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Old 10-14-2010, 12:19 AM
Joseph Hartman
 
Default Fw: Ubuntu for School (epic93dude@gmail.com)

Hi Epic,
Your convincing job is not going to be easy. For a single lab you might have some luck. You would want to make sure the hardware was up to snuff, but there are schools all over who use Ubuntu routinely. I'm sure you could find some case studies online to back up your points. If they bring up security let the list know. There are tools to block nefarious users from aspects of the system that you can use.


However, in the situation of a larger IT deployment, the fact is that Windows oftentimes is easier to manage than Ubuntu. For all its faults, MS knows enterprise needs and does a decent job of giving admins the tools they need to manage largescale operations. Managing hundreds or thousands of machines is very different from managing dozens.


That being said, it can be done, and it can be done well. But what your IT guys will want is called Landscapehttp://www.canonical.com/enterprise-services/ubuntu-advantage/landscape


I have never used it personally, but I've investigated it thoroughly and spoken to the US sales rep from Canonical about getting it. From what I have seen on youtube and such it is the tool that provides parity (more or less) with Windows management software like Group Policy, etc.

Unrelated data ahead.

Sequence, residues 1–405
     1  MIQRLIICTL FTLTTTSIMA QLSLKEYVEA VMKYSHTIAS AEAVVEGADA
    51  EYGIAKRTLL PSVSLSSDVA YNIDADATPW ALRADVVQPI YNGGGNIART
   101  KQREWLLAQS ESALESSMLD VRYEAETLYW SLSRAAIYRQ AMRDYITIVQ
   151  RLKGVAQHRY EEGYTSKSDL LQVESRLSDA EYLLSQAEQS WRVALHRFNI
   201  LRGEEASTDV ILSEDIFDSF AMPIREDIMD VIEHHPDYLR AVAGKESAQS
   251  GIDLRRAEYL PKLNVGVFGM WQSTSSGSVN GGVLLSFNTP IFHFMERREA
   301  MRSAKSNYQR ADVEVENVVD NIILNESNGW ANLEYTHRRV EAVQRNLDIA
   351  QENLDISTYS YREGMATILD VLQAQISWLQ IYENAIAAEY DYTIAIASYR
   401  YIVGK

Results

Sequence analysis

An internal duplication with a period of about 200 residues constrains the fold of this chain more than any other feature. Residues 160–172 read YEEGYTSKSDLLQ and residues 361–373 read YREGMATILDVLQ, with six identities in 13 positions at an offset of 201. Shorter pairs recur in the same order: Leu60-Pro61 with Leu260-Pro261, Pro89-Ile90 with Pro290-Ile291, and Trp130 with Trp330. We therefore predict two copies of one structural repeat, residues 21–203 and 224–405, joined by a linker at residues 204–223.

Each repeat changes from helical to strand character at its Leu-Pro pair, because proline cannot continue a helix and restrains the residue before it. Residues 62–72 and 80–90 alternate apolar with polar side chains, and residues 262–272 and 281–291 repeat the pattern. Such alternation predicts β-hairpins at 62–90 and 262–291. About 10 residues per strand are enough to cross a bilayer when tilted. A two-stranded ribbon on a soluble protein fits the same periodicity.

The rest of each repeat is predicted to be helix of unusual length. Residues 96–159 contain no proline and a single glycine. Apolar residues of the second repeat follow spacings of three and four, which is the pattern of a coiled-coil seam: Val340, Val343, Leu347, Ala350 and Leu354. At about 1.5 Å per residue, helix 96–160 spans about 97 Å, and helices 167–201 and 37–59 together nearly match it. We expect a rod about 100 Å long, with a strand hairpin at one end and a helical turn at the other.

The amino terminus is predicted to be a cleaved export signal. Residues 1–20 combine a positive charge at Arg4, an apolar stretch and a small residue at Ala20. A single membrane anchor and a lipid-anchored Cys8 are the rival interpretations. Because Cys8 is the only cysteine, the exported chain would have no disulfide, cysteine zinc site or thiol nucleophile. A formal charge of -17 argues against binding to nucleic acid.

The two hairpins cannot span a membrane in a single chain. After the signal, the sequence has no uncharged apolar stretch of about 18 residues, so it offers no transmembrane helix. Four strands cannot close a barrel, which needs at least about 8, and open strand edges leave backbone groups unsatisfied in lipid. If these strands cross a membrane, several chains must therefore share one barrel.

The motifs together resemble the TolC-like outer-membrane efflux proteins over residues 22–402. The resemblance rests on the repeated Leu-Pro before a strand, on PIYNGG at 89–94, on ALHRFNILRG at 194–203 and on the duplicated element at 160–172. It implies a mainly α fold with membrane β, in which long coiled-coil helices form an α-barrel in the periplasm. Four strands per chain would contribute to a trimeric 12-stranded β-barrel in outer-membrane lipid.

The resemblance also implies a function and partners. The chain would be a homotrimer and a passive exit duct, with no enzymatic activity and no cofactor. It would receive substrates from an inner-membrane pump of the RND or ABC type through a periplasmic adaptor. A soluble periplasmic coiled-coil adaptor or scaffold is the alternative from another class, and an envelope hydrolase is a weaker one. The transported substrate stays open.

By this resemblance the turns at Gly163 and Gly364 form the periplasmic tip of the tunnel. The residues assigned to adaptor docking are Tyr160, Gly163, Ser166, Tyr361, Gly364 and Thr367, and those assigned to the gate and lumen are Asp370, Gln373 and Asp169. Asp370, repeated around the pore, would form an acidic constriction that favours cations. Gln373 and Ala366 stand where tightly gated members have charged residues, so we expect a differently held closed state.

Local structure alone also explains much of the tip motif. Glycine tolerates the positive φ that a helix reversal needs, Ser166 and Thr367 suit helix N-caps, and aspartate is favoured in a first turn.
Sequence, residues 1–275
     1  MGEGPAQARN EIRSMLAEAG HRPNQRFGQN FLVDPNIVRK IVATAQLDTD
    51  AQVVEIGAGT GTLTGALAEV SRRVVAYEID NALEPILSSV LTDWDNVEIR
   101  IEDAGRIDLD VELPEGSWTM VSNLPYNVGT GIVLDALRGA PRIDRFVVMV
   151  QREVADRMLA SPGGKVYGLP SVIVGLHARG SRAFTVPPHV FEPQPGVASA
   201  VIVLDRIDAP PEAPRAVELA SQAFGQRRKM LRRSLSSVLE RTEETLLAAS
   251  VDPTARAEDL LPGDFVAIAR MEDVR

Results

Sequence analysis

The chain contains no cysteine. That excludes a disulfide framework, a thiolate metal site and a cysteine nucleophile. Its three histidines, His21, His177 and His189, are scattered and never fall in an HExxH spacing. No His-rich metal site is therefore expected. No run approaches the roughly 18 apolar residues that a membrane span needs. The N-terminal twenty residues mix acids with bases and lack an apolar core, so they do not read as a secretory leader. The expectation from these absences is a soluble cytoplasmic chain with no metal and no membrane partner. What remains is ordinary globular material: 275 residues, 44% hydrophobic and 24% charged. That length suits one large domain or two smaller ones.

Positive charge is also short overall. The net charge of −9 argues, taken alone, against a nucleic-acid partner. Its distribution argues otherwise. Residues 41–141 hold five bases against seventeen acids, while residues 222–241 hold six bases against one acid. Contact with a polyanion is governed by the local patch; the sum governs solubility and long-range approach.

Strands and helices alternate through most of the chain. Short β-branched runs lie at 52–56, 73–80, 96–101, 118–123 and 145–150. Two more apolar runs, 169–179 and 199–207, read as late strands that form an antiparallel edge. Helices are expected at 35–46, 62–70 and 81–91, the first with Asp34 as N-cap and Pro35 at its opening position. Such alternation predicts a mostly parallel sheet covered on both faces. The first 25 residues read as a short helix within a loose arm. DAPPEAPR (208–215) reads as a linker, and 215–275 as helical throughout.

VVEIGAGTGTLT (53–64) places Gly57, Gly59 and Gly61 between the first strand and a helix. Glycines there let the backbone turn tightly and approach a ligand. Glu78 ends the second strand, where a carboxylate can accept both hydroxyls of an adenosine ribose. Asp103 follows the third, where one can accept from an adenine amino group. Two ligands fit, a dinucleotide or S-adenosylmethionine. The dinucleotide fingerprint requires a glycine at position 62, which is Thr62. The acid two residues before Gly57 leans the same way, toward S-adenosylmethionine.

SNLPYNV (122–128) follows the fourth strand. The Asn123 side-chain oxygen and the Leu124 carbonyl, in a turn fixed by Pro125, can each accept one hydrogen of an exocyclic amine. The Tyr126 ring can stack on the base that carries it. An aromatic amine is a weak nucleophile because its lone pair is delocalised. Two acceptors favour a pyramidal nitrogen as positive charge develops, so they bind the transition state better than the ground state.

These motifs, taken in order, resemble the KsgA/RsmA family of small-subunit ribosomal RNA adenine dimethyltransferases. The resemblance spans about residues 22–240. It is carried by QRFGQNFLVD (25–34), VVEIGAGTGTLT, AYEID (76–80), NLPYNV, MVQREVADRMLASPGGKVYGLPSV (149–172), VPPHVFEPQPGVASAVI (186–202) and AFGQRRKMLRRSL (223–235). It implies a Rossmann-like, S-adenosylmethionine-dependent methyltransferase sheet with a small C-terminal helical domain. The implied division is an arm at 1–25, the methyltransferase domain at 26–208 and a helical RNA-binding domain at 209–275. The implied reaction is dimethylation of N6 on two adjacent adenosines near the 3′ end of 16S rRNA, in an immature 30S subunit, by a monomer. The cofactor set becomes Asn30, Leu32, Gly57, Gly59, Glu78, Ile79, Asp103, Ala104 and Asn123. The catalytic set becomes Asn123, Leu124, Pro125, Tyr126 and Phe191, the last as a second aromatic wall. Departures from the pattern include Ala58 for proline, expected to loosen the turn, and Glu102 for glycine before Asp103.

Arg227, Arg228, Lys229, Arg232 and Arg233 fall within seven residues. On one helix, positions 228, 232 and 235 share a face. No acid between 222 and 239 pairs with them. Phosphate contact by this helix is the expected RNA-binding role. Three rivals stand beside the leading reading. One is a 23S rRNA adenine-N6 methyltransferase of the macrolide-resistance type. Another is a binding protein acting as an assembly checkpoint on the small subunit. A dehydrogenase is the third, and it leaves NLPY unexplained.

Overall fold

The problem is that it is quite expensive. I believe I was quoted at $60/host/year which is completely unscalable, and quickly gets more expensive than Windows management techniques. I tried to convince the sales rep I spoke with that Canonical should give Landscape away to schools to foster adoption of Ubuntu among the youth of America, but I don't have the time to pester my way up to the decision makers about this.


I do happen to be in a position to convince dozens, and possibly hundreds of schools to adopt Ubuntu though, but only if they knew there was an efficient and easy way to manage the machines such as Landscape. Therefore, this might be an opportunity for you as a student to take on the daunting task of convincing a major global IT company to give away some of their proprietary technology to schools. It would sure help me out if you succeeded. -Joe


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Old 10-14-2010, 02:22 AM